The Difference Between a Jointer and a Planer

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This is the Difference Between a Jointer and a Planer. In this post, I’ll show you how to point out the difference between a jointer and a planer, so that way you know exactly what you’re looking for when you decide to pick one up. Enjoy.

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Difference Between a Jointer and a Planer

The-Difference-Between-a-Jointer-and-a-PlanerWhen you are new at woodworking, the names for all the tools can be a little bit confusing. Also, it’s not always obvious by what the tool looks like what it does. All of this leads to confusion, and that can make it tough for a new woodworker.

One of the biggest issues that you run into is seeing the difference between a jointer in a planer. After all, these tools are fairly similar, and they actually do nearly the same job.

This post, I’ll show you the difference, so that way when it comes time for you to select between these two tools, you’ll know exactly what you’re looking for. This way, you can make a good decision, and you don’t have to worry about accidentally buying something that you won’t use.

See Also: 10 Helpful Tips for Buying a Used Planer

First the Similarities Between Jointers and Planers

First, it’s important to cover the similarities between a jointer and a planer. Once you know how they are alike, it will be actually a lot easier to spot the differences. After all, it’s the differences that makes them two different tools.

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The first similarity is what they are used for. Both the jointer and the planer are used to create smooth surfaces on pieces of wood. It may not be obviously apparent why this is important, but as you start to build things, you’ll figure it out right away.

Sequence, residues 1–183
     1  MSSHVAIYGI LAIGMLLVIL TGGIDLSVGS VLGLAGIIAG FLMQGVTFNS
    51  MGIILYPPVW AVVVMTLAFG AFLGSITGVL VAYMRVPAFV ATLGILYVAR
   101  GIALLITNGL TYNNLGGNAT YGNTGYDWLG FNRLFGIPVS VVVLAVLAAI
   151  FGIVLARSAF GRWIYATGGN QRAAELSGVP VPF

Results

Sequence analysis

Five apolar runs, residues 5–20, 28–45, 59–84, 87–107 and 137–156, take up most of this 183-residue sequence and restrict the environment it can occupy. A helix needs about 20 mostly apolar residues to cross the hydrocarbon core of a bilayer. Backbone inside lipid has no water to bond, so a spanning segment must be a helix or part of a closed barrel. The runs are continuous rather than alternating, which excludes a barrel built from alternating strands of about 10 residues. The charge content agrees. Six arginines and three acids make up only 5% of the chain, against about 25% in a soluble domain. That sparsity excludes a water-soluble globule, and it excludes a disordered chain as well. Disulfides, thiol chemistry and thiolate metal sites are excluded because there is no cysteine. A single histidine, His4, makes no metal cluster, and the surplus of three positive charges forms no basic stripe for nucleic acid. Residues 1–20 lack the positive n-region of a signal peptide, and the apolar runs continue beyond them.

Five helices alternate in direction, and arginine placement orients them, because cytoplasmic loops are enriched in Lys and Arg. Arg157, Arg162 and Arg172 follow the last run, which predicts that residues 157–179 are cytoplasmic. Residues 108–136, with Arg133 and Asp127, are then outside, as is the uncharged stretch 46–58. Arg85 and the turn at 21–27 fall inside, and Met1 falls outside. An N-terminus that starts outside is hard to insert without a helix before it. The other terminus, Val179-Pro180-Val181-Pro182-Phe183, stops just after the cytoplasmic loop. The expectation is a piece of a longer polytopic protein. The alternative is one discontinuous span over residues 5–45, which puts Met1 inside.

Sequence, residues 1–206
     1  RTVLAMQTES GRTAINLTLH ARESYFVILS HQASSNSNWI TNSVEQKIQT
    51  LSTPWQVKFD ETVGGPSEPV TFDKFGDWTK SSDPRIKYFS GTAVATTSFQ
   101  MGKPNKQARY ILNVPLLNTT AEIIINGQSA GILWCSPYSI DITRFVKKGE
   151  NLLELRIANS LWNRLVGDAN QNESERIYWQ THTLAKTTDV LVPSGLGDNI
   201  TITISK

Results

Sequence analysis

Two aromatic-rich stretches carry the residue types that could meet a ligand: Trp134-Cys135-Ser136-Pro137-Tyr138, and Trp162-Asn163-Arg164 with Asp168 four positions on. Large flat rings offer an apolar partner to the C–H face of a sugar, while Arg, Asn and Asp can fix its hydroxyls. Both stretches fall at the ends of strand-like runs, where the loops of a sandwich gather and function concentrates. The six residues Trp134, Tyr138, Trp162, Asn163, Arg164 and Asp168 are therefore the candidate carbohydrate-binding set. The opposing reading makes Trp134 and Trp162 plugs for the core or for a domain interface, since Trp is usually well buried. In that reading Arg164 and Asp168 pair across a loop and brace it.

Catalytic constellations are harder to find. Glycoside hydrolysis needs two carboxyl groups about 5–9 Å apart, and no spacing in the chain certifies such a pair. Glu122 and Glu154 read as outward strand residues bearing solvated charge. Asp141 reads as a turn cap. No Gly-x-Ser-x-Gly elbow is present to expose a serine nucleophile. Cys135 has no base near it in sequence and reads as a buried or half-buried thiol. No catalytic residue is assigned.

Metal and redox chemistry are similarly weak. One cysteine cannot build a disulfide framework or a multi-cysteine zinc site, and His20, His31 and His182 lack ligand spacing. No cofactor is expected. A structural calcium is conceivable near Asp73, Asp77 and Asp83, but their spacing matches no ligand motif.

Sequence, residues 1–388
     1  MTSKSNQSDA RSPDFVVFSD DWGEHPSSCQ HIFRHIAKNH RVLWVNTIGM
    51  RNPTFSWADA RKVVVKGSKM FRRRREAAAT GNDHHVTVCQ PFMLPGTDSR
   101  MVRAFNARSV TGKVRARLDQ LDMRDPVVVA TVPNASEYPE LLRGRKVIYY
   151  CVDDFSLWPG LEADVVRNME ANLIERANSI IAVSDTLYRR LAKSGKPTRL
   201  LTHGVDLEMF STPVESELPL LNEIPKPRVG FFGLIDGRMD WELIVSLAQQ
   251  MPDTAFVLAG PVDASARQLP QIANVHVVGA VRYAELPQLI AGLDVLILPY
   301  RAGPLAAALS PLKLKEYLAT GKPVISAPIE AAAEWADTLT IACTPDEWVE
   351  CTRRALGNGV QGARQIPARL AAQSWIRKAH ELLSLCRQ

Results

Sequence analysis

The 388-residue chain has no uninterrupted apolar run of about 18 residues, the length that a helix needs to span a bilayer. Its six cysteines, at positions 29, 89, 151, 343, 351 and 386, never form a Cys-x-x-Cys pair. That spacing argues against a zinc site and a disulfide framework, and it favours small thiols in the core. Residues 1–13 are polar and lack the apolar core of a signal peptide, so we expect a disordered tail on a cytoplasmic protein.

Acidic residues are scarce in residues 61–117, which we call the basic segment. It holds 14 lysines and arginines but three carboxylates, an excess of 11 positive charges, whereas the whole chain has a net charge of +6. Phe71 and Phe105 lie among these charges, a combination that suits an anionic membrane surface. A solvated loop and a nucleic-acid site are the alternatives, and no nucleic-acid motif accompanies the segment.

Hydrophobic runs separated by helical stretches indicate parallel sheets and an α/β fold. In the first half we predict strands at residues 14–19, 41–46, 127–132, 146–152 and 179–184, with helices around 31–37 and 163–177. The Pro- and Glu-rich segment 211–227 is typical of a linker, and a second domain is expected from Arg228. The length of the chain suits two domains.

When you have a smooth surface, it’s easier to create joints. Pieces of wood glue together the best when they are two flat surfaces that meet together perfectly, without any gaps in between. This is why making flat surfaces is really important.

Another similarity between these two tools is that they both use a set of knives or inserts that spin, and that’s how the wood is removed. In fact, other than the housings, this part of the tool is identical on both units.

See Also: 6 Genuine Reasons You Need a Jointer Planer in Your Shop

Best Uses for a Jointer

Now for the differences. There are times when it makes more sense to use a jointer instead of a planer. The most common of those times is when you need to straighten out the long edge of a board.

Jointers in general are more narrow than planers. This is because the manufacturers know that most of the time a jointer is going to be used for the edge of a piece of material rather than the face. Edges tend to only be a few inches wide at the most, hence the size of the jointer.

Jointers are also good for flattening out the faces of pieces of wood, as long as they are not wider than the size of the cutter head. Most of the time, this is going to be about 6 inches wide at the most.

If you are going to be flattening pieces of wood that are fairly narrow, or just using it on the edges, then a jointer is more than likely the tool for you.

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See Also: 9 Trusted Tips on How to Laminate Wood

Best Uses for a Planer